The story of dimethyl sulfoxide (DMSO) is an unusual one. This by-product of the paper making process was discovered in Germany in the late 19th century. It’s a colorless liquid that gained notoriety for its ability to penetrate the skin and other biological membranes.
Scientists discovered that they could use DMSO as a transportation device to pass small molecules through skin in the 1960s. Since then, scientists have researched the potential benefits and risks of using DMSO to treat a variety of conditions. This research is ongoing.
The compound has no other approved uses, but it’s been purported to be a treatment for:
- chemotherapy side effects
- general pain
Because it absorbs easily into the skin, it’s also been studied as a vehicle for administering topical drugs.
In the late 70s, the FDA approved DMSO to help treat interstitial cystitis. It remains the only FDA-approved bladder installation (or bladder wash) for this condition. For individuals living with interstitial cystitis, DMSO has been shown to:
- ease pain due to the condition
- help relax the bladder
- increase bladder capacity
Because it absorbs easily into the skin, DMSO may be a beneficial alternative to other pain medications. However, further investigation into this area is needed before any conclusions can be drawn.
DMSO has also been touted for its ability to reduce the amount of leakage during chemotherapy administration, but more studies, and real-world usage, need to be done before it can be labeled as a trusted method.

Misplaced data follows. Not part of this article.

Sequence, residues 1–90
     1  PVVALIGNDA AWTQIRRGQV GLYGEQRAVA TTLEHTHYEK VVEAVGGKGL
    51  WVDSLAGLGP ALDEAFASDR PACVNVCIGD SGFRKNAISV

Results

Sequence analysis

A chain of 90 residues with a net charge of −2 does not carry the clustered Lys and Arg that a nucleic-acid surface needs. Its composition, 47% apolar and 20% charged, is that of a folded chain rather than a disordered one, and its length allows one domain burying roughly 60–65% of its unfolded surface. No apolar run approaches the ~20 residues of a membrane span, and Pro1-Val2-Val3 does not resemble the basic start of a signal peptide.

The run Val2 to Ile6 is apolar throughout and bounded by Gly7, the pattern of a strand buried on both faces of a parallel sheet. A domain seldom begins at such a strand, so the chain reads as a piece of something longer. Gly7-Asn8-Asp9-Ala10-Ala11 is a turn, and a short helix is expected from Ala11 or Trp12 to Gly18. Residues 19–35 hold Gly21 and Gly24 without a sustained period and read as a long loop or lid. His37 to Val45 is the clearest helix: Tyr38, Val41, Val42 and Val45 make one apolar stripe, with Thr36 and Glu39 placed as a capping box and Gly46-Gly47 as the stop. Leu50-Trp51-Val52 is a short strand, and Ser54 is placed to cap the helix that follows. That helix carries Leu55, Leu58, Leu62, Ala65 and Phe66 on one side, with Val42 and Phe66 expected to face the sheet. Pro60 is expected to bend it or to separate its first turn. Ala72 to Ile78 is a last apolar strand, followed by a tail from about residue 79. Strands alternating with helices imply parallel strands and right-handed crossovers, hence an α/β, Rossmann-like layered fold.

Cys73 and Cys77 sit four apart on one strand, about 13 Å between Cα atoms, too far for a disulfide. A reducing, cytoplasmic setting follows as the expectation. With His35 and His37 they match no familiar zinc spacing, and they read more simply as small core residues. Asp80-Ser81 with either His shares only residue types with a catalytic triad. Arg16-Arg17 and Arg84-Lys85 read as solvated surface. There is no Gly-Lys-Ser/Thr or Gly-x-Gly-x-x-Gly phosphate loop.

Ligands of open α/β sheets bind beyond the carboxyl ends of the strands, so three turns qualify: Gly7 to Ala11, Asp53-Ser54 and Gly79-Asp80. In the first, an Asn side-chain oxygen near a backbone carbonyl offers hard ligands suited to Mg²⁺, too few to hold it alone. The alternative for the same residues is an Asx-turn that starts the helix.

Additionally, there has been some research into DMSO’s benefits when it comes to inhibiting cancer cells. A 2020 study published in the Journal of Medical Discovery found evidence of benefit. However, research is just beginning in this area, so many more studies need to be done before any conclusions can be made.
While many of the reported side effects of taking DMSO are mild, the amount of DMSO someone takes is directly correlated to the severity of the reaction.
One common side effect is the taste of garlic in the mouth and throat.
More severe side effects
- stomach ache
- a lowered heart rate
- rough or thickened skin
Because it’s seen as a more alternative treatment, DMSO is easy to find and buy online. However, buying this product and using it without a healthcare professional’s supervision could increase the likelihood of overuse.
DMSO may also increase the effect of a few medications, which could produce serious reactions in some people. A few medications DMSO may affect
- blood thinners
DMSO can be administered
- topically, via a gel or solution
- as a bladder wash, via a catheter (for interstitial cystitis)
As with any alternative treatment, it’s always advised to talk with a doctor before deciding to purchase any product that contains DMSO. Dosage is directly connected to the severity of possible side effects.
Dimethyl sulfoxide (DMSO) is a chemical solvent that is sometimes used to help reduce inflammation and pain, and may also be beneficial in reducing leakage during chemotherapy treatment.
It has been FDA approved to treat only one condition: interstitial cystitis.
Because of possible interactions with other common medications, and lack of definitive research into its benefits, DMSO should not be used without medical supervision.